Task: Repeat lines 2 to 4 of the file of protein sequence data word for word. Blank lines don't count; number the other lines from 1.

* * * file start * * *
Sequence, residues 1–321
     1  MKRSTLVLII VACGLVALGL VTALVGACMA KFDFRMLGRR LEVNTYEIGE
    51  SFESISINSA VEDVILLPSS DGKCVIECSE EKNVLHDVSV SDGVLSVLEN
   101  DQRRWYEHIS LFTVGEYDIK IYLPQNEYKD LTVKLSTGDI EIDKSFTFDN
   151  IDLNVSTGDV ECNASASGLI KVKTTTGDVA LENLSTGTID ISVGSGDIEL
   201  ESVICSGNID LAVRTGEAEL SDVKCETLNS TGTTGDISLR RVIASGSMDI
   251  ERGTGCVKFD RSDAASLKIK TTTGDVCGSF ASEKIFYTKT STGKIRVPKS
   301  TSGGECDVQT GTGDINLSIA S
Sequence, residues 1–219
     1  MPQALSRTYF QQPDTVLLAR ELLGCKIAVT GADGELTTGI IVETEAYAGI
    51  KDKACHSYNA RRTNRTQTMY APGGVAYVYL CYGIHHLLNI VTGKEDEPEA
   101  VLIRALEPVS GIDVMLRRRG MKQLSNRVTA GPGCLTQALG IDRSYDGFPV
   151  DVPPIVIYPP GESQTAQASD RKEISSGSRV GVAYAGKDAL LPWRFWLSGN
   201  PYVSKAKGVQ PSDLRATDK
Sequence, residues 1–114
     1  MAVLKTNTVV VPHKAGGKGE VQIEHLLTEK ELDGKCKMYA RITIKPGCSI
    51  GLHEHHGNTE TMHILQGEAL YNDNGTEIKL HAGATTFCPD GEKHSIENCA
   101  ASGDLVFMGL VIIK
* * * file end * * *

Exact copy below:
     1  MKRSTLVLII VACGLVALGL VTALVGACMA KFDFRMLGRR LEVNTYEIGE
    51  SFESISINSA VEDVILLPSS DGKCVIECSE EKNVLHDVSV SDGVLSVLEN
   101  DQRRWYEHIS LFTVGEYDIK IYLPQNEYKD LTVKLSTGDI EIDKSFTFDN